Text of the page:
In light of the challenges posed by the COVID-19 crisis, it is expected that workplace mental health issues, already a pervasive challenge, will be heavily impacted. For the construction industry, this is particularly critical, as the suicide rate within the sector is already is three times the national average.
Tideway's support for Mates in Mind's COVID-19 relief fund will help the mental health charity continue to support the most vulnerable workers by addressing gaps in workplace mental health provision for the self-employed, and small businesses - some of the those who are hit hardest by this unexpected crisis.
Mates in Mind will be delivering online mental health workshops and other support for construction workers with the key aim of supporting those who are harder to reach and potentially most vulnerable e.g. small business and self-employed.
The charity aims to reach over 500 vulnerable individuals, offering research lead training and support, with workshops that began during Mental Health Awareness Week 2020. This programme funded by Tideway will also include a 12-month support package for 20 small businesses (less than 10 people) providing access to a dedicated support officer, business assessments, resources and more.
"Taking proactive steps to address mental health issues has never been more important as the whole world battles COVID-19," said James Rudoni, MD of Mates in Mind. "This funding from Tideway will ensure that more vital support gets to those who are finding it difficult to effectively manage their mental health. Helping individuals take control of their mental wellbeing, better manage their anxiety and avoid spiralling into depression or worse.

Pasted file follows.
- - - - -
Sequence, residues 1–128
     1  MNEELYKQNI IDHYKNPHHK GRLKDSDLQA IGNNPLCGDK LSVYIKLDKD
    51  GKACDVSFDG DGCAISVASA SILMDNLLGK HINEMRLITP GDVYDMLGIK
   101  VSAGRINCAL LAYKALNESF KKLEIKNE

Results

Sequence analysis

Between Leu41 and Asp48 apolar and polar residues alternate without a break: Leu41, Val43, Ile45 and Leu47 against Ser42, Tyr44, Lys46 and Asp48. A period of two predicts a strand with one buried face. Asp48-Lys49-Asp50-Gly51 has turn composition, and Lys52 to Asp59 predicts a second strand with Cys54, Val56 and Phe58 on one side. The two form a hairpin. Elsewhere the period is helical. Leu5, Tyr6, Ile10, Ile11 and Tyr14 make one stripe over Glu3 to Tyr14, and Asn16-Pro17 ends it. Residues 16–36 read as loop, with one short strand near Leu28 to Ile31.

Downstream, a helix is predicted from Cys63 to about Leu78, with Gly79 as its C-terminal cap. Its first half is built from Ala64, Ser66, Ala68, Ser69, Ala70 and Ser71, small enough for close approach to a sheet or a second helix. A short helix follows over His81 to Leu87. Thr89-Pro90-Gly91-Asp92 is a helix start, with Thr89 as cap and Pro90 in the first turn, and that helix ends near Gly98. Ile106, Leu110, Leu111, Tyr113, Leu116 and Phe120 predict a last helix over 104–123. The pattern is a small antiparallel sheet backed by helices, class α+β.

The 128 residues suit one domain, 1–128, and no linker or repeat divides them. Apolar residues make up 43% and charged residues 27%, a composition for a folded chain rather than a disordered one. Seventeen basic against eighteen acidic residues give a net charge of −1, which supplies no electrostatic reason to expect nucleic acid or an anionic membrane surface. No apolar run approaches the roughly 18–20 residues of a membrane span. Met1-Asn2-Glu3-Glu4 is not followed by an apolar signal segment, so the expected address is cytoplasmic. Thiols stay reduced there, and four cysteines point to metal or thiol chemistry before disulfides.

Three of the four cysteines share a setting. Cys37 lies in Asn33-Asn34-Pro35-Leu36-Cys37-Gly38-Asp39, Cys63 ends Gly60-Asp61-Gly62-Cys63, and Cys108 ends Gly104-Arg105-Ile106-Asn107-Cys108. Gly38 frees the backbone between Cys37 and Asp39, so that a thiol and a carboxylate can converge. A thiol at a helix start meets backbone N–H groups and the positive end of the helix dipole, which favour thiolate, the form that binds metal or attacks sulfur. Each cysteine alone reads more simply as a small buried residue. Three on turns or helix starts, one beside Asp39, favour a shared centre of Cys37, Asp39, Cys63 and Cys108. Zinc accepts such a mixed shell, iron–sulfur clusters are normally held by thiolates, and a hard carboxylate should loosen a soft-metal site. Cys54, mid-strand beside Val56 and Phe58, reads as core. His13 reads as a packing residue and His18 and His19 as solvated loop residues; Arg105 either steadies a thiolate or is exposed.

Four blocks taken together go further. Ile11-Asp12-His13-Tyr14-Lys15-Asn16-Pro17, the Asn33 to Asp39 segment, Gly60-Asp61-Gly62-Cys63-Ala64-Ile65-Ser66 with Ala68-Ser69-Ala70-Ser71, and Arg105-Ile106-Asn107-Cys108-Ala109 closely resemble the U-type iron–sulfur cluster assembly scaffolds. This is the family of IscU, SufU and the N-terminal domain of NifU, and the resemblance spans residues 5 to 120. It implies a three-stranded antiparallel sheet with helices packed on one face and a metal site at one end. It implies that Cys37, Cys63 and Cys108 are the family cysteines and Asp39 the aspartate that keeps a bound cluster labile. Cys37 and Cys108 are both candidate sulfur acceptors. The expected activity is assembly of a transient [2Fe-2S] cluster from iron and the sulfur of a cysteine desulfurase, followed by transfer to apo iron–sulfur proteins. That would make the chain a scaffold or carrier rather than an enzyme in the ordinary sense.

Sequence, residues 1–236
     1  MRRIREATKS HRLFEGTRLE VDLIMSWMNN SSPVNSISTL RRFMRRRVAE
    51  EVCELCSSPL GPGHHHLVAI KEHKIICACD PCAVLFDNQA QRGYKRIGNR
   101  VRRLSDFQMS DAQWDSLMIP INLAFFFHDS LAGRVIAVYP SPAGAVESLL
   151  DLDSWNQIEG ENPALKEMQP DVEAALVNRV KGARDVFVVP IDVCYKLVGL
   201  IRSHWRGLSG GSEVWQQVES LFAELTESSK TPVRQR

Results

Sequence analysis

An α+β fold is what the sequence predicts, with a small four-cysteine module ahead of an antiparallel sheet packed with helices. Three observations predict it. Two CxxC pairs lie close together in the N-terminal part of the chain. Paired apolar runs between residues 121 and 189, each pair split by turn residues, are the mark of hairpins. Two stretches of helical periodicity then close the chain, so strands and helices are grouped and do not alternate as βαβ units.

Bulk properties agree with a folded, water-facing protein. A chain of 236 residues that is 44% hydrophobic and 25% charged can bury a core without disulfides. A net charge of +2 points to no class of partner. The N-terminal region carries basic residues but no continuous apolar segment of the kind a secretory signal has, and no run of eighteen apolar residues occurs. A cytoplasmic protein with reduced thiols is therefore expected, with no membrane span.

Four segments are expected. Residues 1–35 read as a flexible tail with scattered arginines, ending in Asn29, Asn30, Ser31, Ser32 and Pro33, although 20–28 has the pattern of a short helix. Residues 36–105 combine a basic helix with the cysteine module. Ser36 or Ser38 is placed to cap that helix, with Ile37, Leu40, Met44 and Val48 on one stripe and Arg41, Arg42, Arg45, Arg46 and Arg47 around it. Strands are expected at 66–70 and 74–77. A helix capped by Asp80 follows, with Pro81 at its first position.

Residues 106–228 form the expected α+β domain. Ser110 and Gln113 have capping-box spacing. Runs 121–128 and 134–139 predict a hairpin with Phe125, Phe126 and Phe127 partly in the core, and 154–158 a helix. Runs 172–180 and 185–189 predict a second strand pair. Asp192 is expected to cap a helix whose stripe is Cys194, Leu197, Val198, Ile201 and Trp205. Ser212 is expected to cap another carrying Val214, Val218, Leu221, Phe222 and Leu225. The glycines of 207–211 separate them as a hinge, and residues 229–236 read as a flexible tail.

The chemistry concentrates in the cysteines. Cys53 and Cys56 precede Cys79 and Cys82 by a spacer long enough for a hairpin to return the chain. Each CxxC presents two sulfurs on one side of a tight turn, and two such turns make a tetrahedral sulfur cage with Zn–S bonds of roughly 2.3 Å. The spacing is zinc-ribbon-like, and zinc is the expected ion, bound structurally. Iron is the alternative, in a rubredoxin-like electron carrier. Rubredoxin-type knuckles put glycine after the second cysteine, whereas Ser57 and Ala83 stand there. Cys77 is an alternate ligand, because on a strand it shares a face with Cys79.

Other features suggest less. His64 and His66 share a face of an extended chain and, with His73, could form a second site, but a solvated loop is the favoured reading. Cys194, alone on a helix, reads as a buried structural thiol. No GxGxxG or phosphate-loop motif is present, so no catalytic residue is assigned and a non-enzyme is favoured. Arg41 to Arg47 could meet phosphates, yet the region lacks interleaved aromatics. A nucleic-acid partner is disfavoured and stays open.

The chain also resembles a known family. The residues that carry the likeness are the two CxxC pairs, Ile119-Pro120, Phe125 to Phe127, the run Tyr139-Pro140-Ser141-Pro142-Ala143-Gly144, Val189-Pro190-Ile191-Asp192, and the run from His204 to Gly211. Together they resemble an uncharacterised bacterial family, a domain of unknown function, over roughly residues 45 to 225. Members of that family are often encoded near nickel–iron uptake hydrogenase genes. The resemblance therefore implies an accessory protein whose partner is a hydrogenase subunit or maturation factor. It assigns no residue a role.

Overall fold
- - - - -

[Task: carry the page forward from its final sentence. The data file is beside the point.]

"By providing individuals and SMEs the opportunity to learn, share and talk about their experiences during COVID-19, we can reach out to those who don't normally have access to workplace support, such as small and medium enterprises and the self-employed.
"We know that without support, these groups are more at risk of higher levels of stress, depression and suicide. However, with a better understanding of mental health issues and how to address them, this funding can change how people manage their own wellbeing and save lives."
John Sage, corporate responsibility manager at Tideway, said: "Mates in Mind does incredibly important work supporting construction workers' mental health by ‘starting the conversation' and their expertise has never been more important than now. The self-employed and those in small construction businesses, who often do not have access to this type of support, are among the most vulnerable to serious mental health problems in this crisis and Tideway is pleased that our donation will help Mates In Mind to reach out to them. "
Tideway has trained 167 people on the project to be mental health first-aiders, including CEO Andy Mitchell and the senior leadership team, giving them the skills and understanding to recognise if co-workers are struggling and how to offer support.
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